Since the 1960s, there have been press reports from many areas of large cat-like animals, briefly glimpsed, and assumed by witnesses to be pumas, lions, lynxes, or cheetahs; paw-prints and droppings are sometimes found, and the sightings are often linked to allegedly unusual deaths and injuries among sheep and deer. There were 304 press items drawn from 31 counties in 1997 alone. Interpretation of the evidence is controversial, since alternative explanations are always possible. If exotic animals really are at large, they must be illegal pets, dumped when they grow troublesome, and possibly now breeding in the wild; however, it is unlikely there could be so many as the reports suggest. No foreign feline has yet been captured or killed, apart from one tame puma in Scotland in 1980 and a small swamp cat accidentally run over on Hayling Island (Hampshire) in 1988. Some writers therefore prefer a paranormal explanation; the media adopt an ambiguous attitude, alternating between dread and humour, and favouring emotive terms such as ‘beast’, ‘alien’, and ‘mystery’.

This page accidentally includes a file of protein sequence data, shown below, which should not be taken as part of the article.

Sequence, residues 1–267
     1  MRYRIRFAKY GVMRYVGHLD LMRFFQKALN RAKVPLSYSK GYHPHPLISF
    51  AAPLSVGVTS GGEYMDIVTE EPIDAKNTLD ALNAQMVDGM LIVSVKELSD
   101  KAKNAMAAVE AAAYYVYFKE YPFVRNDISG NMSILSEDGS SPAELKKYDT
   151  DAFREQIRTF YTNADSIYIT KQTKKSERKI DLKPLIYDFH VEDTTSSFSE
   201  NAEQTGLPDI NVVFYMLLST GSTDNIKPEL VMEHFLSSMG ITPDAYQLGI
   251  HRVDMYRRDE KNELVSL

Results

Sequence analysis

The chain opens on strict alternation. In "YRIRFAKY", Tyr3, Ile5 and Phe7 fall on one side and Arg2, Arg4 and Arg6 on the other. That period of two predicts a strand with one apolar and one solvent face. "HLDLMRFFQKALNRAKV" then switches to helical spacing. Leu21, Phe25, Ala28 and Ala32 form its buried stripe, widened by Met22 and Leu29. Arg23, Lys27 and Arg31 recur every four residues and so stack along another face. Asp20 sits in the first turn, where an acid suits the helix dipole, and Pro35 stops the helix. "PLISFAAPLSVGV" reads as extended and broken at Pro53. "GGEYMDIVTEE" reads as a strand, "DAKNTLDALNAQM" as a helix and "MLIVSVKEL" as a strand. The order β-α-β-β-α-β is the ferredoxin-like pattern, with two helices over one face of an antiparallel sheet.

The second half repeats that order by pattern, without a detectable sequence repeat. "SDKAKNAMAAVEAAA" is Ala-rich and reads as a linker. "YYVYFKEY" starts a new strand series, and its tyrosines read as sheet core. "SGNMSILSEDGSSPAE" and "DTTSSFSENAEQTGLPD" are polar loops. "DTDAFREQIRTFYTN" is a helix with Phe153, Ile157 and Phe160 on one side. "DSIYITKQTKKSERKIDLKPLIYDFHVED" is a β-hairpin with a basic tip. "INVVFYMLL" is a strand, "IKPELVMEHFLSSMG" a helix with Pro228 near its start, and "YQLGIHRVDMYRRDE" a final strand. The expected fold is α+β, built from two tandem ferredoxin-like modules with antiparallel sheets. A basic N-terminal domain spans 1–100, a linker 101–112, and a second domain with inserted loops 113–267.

Many reports are confined to local papers; others cause nationwide interest and large-scale hunts by police or the army—the Surrey Puma in 1962–6, the Black Beast of Exmoor in 1983, the Beast of Bodmin Moor in 1994–5. The Bodmin case collapsed when investigated by the Ministry of Agriculture (see press reports of 20 July 1995), but further incidents continue; in March 1998 a ‘Beast of Essex’ was suspected of killing four geese near Epping. Whatever facts may underlie some reports, media-generated interest encourages rumou`r, misinterpretation, and exaggeration. Hoaxing occurs; a skull ‘found’ on Bodmin Moor in late July 1995 came from a leopard-skin rug, and some photos simply show domestic cats shot from angles which distort their size.
See also CATS.
A dossier of press items is held by Paul Sieveking, editor of Fortean Times. For a selection of material and a folkloric interpretation, see Michael Goss, ‘Alien Big Cat Sightings in Britain: A Possible Rumour Legend?’, Folklore 103 (1992), 184–202. Janet and Colin Bord, in Alien Animals (1980), explain these and other mystery beasts as paranormal phenomena; Di Francis argues in Cat Country (1983) that ancient wildcats survive, unrecognized.